Friday, July 08, 2011

Flowering Rush / Brudelys

Butomus umbellatus 

Flowering Rush (Brudelys) is native to most of Europe and grows spread in Asia. It is also native to Denmark, especially in nutritious areas of Jutland and upon the Isles. It is introduced to the eastern North America as an ornamental plant and has now become a serious invasive weed in the Great Lakes area. In  Israel, one of its native countries, it is an endangered species due to the dwindling of its habitat. It can also be found in Great Britain locally.

The plant is a rhizomatous, hairless, perennial aquatic plant. It grows in the reed-marsh by lakes, ditches and water streams and prefers a mineral-rich ground, where it lives together with Common Reed, Broadleaf Cattail, the Simplestem Bur-reed or Branched Bur-reed (= Sparganium erectum), Yellow Iris, Reed Sweetgrass and Great Spearwort.

Its name is derived from Greek bous, meaning "cow", "ox" etc and tome, a cut (the verb 'temnein' meaning "to cut"), which refers to the plant's swordlike leaves. Other than suggested by its English common name, it is not a true rush. The Danish name Brudelys is a romantic name, meaning the Bride's Light or the Bride's Candle. Maybe because it looks like a candelabre. Brudelys is mentioned both in old folk songs and fairy tales, but not with the exact meaning of the word.

Skals Aa-river

Flowering Rush is declining, caused by a rough waterstream-maintenance, since it tolerates no cutting.  The plant reminds about the leaves of other plants along water-streams, but they can be recognized by their linear, pointed leaves up to 1 metre long, or more. The leaves are triangular in cross-section and arise in two rows along the rhizome base. They are untoothed, parallel veined and twisted. The leaves and stalks have air channels. The inflorescence has pink flowers, which ligthen up in all the green. The fruit is a follicle, and the seeds are spread with the water and maybe also with animals. It flowers from July until September.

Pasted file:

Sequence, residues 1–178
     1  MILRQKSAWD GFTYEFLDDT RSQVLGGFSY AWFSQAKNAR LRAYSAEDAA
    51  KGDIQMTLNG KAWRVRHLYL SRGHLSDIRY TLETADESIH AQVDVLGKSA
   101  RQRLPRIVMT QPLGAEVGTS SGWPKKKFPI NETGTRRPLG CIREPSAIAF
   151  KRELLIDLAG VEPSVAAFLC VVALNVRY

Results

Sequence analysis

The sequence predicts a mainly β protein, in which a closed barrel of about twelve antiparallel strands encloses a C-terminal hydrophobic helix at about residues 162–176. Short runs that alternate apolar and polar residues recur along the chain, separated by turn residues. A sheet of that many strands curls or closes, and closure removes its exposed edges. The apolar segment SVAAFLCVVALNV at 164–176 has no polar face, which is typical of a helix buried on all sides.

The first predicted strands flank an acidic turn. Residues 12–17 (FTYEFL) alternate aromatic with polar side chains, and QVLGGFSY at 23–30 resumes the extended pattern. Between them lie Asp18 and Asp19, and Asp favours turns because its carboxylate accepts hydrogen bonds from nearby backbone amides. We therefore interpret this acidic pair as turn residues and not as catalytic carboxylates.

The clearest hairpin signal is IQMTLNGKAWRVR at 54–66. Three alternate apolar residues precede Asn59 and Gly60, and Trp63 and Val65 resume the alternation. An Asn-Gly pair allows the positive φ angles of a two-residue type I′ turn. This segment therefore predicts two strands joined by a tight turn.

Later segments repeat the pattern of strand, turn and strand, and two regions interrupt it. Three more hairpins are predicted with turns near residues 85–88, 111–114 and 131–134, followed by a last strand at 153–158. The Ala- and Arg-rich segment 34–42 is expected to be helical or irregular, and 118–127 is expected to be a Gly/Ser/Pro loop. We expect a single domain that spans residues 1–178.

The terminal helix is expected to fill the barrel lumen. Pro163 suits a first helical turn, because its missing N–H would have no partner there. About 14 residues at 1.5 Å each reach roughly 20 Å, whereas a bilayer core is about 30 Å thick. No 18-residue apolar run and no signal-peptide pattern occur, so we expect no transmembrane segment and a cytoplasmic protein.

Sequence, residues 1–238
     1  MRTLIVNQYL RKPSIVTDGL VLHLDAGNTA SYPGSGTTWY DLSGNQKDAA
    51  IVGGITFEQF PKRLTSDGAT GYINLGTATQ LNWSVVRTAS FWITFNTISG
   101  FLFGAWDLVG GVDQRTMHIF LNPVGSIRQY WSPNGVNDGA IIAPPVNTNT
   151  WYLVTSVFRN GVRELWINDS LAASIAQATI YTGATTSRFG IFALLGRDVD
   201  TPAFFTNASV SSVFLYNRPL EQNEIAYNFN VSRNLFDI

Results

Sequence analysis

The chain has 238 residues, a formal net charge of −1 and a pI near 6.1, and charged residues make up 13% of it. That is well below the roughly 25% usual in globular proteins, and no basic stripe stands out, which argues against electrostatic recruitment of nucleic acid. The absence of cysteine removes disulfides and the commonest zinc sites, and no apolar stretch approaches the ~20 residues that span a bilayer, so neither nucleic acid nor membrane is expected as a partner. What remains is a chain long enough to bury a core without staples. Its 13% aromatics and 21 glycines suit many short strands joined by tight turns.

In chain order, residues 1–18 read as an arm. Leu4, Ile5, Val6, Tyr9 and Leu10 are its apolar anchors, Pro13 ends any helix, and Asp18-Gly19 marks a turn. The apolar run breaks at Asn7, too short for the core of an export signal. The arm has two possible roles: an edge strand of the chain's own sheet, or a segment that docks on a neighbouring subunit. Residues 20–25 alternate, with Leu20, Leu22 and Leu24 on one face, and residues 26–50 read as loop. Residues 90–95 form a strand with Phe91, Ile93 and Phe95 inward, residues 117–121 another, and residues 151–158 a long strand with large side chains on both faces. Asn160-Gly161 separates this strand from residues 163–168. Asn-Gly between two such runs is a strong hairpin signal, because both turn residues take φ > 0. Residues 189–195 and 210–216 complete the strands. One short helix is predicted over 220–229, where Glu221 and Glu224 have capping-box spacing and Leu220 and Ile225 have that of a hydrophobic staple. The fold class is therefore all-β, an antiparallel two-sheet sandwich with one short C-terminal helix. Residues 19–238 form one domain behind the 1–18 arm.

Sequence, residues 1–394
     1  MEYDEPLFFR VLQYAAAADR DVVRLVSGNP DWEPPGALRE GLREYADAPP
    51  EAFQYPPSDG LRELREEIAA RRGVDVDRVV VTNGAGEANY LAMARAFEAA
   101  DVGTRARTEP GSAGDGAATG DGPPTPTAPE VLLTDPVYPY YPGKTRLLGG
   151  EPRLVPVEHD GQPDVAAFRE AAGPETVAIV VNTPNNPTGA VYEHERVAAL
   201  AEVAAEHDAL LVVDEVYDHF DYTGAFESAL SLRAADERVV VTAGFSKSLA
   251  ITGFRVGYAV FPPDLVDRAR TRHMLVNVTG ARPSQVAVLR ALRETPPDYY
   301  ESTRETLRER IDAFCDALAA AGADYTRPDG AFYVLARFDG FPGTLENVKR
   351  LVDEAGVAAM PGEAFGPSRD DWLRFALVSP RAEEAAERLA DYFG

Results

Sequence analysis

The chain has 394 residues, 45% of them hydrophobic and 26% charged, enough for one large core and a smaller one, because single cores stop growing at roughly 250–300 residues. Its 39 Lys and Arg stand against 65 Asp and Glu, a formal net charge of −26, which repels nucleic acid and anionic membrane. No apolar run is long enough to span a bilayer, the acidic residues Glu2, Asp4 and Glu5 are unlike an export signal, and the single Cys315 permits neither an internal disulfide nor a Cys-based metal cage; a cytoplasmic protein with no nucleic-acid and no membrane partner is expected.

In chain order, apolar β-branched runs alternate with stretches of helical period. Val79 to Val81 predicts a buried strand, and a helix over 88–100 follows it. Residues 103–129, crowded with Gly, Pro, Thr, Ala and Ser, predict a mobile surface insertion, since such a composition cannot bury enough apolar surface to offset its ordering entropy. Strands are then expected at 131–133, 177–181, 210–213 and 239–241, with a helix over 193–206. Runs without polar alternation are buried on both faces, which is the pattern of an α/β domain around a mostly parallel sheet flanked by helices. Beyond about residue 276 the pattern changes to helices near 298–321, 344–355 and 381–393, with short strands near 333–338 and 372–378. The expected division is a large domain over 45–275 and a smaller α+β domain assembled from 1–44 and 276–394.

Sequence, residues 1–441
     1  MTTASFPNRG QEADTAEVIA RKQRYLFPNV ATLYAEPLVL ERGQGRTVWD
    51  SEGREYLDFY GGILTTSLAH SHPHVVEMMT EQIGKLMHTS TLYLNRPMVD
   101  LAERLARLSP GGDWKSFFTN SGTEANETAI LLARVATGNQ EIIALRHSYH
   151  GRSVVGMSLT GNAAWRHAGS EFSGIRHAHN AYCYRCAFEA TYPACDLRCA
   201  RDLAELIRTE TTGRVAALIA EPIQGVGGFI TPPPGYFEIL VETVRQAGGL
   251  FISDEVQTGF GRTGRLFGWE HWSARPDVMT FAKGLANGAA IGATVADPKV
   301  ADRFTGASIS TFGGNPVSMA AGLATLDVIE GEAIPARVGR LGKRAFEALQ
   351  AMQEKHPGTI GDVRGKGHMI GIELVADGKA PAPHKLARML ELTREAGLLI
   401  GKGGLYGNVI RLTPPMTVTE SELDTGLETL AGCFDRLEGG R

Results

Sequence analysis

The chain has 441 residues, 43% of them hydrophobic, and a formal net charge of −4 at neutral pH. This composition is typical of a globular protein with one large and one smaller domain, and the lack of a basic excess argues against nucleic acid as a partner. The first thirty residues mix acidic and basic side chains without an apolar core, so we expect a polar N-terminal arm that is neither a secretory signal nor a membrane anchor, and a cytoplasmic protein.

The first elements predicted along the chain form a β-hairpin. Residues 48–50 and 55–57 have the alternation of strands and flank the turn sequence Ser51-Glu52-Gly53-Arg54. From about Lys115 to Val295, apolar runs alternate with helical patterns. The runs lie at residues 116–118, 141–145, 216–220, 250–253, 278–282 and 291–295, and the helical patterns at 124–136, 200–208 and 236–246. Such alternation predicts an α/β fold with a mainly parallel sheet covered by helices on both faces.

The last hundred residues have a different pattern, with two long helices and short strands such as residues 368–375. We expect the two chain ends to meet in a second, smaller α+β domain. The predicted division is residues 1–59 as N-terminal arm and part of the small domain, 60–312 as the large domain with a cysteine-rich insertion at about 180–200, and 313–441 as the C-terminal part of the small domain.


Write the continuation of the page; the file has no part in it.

Flowering rush is often seen in full or almost full vegetative growth. This happens especially for the first years after the species has established itself in a new locality. By water-streams in deeper water is it often fully vegetative.

When blooming the Flowering Rush cannot be mistaken for other plants. The flowers of  Arrowhead might resemble it superficially, but it has long-stalked , arrow-shaped basic leaves. Flowering Rush might be mistaken for species of Branched Bur-reed, where some have triangular leaves at the bottom, but Flowering Rush is usually easy to recognize by the long narrow, triangular-winged leaves.

Pure under-water forms of the plant can be difficult or impossible to identify.

Frequently cultivated as an attractive ornamental plant. In parts of Russia the rhizomes are used as food.

Source: DMU, Teknik & Miljø, Fugle og Natur, Danmark.

photo July 2010: grethe bachmann


Teresa Evangeline said...

I was unfamiliar with this plant. It's always nice to be introduced to new things. Thank You!

Thyra said...

It's such a pretty plant along the river. And it's one of those where I remember the name. I often have to ask "What is it now this one?" when we're out!
Happy Week-end!
Nose hugs to Buddy!